Based on the latest forecasts for cereal trade, food aid and prices, the overall cereal import bill to be borne by the world’s most vulnerable food deficit countries is anticipated to increase again in 2001/02. The developing countries are likely to spend about US$23 billion for imports of cereals in 2001/02, up 5 percent from the previous season; while in the Low-Income Food-Deficit Countries (LIFDCs), total cereal import bill could reach US$10 billion, up 9 percent from the previous season. Mainly on the basis of larger imports, the LIFDCs would face an increase of more than US$7 per tonne in their per unit cereal import to around US$135 per tonne. This is still significantly below the high levels of the mid-1990s when cereal prices were exceptionally high. Looking further ahead, preliminary indications for 2002/03 point to a rise in the developing countries’ import bill for the fourth consecutive season to almost US$24 billion. The increase would be on account of larger commercial imports since food aid shipments and international prices for major cereals are assumed to remain at the current season’s levels.
The combined cereal import bill of the Least-Developed Countries (LDCs) and the Net-Food Importing Developing Countries (NFIDCs), which include a list of nations agreed by the World Trade Organization (WTO) to qualify as beneficiaries under the Marrakech Decision on the Possible Negative Effects of the Reform Programme, is estimated at some US$6 billion in 2001/02. This is almost unchanged from 2000/01, as anticipated slight increases in imports across LDC countries would largely offset small declines among NFIDCs.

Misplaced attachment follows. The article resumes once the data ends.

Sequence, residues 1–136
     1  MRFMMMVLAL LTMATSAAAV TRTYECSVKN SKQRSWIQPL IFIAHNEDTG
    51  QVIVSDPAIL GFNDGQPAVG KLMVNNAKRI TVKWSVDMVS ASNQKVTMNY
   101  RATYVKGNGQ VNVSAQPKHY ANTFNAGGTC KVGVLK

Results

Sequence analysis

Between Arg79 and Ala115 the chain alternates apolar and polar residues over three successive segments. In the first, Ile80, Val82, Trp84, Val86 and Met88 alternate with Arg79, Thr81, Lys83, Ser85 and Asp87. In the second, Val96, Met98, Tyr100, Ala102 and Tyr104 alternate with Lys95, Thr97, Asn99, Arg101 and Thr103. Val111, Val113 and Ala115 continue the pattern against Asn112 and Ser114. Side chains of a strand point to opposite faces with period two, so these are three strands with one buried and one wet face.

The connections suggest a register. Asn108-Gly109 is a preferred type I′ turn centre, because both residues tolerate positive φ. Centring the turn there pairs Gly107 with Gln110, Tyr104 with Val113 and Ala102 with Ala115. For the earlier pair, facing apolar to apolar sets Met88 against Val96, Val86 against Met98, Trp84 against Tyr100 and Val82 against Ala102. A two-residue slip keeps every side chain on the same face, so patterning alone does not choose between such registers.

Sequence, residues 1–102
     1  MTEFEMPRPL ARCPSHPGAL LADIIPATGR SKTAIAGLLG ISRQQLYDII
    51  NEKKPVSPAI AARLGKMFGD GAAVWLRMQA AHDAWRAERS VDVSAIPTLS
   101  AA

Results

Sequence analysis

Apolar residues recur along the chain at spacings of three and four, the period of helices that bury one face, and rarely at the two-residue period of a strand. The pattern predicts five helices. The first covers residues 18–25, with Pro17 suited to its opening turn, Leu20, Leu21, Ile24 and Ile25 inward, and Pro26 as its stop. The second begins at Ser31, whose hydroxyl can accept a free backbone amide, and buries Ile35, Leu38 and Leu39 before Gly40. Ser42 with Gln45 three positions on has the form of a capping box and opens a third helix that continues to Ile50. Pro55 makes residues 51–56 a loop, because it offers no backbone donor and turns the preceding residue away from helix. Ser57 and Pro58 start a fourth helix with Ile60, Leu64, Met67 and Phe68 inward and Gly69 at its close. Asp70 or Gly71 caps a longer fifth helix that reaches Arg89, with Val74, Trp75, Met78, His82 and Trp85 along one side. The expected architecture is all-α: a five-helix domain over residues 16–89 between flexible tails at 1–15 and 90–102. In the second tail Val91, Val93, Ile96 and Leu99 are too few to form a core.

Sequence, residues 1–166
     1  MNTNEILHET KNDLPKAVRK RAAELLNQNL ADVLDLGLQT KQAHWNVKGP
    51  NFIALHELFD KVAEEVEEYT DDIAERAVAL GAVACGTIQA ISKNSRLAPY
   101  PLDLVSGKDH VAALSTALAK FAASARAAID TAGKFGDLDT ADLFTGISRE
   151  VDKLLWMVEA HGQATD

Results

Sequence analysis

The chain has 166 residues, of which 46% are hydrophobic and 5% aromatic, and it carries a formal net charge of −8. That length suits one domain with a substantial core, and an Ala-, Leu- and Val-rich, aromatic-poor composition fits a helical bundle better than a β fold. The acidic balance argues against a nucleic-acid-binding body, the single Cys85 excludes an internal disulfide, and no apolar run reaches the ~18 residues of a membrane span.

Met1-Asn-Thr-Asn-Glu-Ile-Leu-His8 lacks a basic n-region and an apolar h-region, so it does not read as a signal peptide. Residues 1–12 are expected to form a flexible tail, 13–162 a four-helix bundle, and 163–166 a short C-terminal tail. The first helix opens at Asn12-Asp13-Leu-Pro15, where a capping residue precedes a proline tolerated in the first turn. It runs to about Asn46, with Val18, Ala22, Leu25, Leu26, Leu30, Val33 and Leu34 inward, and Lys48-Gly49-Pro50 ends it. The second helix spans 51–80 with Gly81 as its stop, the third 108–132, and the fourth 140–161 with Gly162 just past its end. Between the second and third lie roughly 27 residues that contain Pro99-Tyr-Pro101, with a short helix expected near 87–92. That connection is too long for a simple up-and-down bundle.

In general, wheat accounts for the largest portion of the cereal import bill for most countries. The overall value of wheat imports by the developing countries in 2001/02 is forecast at nearly US$12 billion, up US$500 million from 2000/01. This small increase would mostly reflect the expected expansion of some 3 million tonnes in imports by the developing countries in 2001/02. For the LIFDCs, as a group, the value of total wheat imports in 2001/02 is forecast at US$5.4 billion, some US$300 million more than in the previous season. By contrast, the value of purchases of coarse grains by the developing countries in 2001/02 is put at US$7.8 billion, around US$50 million smaller than in the previous season despite some increase in prices. The main factor for the decline is the anticipated fall of some 3.6 million tonnes in the volume of imports by the developing countries. The LIFDCs are also likely to spend slightly less on coarse grain imports in 2001/02. In the case of rice, the anticipated increase in the volume of imports together with the likely recovery in prices in 2002 will concur to raise by 20 percent the developing countries' total import bill, to US$3.7 billion. Most of this growth would be accounted for by countries in Asia as well as in Central America and the Caribbean. For the LIFDCs, the overall bill for rice is expected to rise by 27 percent to US$2.3 billion, with countries in Asia bearing most of the increase.
|Latin Am. and Carib.||0.7||0.7||0.7||0.7||0.7||0.6||0.7||0.7||0.7|
|Import Bill (US$ billion)|
|Total volume imported (million tonnes)|
|Food aid (million tonnes)|
|% of total imports||3.4||5.4||4.4||5.0||5.2||5.0|
|% of total imports||7.0||11.4||10.0||11.4||11.4||11.1|
|% of total imports||18.6||23.6||25.5||27.3||31.4||28.6|
|% of total imports||2.0||2.3||2.5||3.6||3.7||3.5|
|Commercial imports (million tonnes)|
|Per unit import cost (US$/tonne)2/|